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Nursing in the First World War

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The 4 August marked the centenary of Britain entering the First World War and served to commemorate the millions who sacrificed themselves for the war effort. Among those were the nurses who provided vital care and services to treat the soldiers who fought so bravely. Politicians and the public took notice of the contribution that nurses made during the war and this contributed to nursing becoming a regulated profession.

At the start of the war, nursing was unregulated meaning that anybody could call themselves a nurse, and many women offered their services. This changed in 1919. Women, who had no vote at the time, were initally not allowed on the frontline. However, this slowly changed as doctors realised that nurses were key to coping with the volume of soldiers with complex care. Year by year their roles developed and they worked in many different scenarios from base hospitals to casualty clearing stations, hospital trains, barges and hospital ships and across all the different war fronts including the Western front, the Eastern front and the Western Mediterranean.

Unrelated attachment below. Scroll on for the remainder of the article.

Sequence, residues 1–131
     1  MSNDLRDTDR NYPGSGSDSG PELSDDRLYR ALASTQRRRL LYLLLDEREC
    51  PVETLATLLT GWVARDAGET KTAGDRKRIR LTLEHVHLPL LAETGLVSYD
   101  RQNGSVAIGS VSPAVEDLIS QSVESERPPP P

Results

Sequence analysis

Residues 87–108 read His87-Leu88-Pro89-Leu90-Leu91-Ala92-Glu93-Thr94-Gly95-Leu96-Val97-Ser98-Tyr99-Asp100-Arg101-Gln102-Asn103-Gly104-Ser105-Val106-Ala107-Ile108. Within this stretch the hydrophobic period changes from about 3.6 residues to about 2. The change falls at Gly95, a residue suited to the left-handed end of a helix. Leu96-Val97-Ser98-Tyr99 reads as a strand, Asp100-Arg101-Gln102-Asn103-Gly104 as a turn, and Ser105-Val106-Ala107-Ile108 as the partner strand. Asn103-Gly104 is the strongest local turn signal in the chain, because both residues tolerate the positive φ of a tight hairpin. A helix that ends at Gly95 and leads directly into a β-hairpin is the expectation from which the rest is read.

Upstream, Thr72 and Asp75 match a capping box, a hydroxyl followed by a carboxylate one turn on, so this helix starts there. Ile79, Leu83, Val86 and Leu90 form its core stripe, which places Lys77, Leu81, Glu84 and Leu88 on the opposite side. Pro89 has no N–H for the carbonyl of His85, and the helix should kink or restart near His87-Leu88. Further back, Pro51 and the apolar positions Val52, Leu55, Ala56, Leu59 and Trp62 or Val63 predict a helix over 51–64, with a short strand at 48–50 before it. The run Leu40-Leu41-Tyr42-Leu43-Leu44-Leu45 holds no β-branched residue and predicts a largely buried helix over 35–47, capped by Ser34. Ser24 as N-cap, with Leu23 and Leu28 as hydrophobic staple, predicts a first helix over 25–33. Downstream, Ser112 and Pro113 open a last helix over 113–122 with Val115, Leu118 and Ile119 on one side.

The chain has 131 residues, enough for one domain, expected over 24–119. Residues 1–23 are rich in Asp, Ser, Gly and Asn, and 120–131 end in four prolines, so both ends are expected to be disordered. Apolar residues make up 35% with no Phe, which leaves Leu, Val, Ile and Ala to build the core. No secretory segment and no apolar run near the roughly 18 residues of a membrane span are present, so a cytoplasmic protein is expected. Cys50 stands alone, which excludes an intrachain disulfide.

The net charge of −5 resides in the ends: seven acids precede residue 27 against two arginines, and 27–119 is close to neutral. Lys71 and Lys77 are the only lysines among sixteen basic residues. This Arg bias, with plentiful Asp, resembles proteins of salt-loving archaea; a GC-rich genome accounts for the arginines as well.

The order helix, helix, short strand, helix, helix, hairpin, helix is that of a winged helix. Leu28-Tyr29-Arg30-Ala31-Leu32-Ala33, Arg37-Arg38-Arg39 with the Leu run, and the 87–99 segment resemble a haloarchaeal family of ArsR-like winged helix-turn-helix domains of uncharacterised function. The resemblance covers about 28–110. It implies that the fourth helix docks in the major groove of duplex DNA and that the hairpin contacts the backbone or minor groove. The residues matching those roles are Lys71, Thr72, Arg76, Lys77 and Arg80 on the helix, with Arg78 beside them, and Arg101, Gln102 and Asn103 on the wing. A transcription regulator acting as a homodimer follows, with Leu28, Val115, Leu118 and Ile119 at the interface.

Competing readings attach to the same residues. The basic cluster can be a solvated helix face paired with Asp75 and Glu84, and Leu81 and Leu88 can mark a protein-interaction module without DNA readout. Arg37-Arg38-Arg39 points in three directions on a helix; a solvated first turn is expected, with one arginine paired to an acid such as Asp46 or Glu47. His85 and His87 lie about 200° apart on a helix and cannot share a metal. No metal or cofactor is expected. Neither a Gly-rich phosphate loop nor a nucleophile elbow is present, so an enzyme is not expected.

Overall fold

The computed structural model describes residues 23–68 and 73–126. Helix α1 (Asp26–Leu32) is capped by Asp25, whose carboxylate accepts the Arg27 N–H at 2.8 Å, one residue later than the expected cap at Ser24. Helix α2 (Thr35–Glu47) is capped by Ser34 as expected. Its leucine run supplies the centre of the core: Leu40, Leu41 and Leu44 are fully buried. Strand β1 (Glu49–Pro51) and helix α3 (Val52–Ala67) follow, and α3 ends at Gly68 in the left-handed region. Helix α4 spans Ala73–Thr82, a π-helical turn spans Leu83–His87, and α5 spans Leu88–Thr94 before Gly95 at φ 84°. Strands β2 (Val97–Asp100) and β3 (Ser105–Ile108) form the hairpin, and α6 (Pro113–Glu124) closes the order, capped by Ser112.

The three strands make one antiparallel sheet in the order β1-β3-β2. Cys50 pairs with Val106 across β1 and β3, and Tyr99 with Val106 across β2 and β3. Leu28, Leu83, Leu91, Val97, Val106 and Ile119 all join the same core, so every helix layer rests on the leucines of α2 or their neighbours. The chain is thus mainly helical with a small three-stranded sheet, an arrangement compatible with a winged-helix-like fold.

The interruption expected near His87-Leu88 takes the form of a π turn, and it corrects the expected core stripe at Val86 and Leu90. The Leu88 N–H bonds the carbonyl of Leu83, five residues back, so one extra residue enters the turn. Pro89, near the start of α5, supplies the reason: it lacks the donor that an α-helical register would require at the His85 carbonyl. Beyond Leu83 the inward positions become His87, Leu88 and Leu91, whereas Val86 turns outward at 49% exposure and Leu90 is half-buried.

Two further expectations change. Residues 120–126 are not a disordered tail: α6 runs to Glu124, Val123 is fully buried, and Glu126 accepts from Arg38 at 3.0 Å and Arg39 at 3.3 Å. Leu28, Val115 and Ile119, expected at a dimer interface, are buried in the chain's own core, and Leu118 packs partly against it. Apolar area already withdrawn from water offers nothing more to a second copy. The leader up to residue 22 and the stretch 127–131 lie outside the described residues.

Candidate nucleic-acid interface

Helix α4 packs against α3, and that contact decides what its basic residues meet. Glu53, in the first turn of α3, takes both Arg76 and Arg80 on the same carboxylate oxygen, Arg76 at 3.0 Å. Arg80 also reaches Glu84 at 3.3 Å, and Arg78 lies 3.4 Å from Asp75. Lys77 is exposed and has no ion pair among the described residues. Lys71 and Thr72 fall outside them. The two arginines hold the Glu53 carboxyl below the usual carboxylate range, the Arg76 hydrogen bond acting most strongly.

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My grand Aunt nurse Jane Burke worked as a srn nurse in the casualty clearing stations at Flanders from 1915 to 1919. Mary Burke 11q
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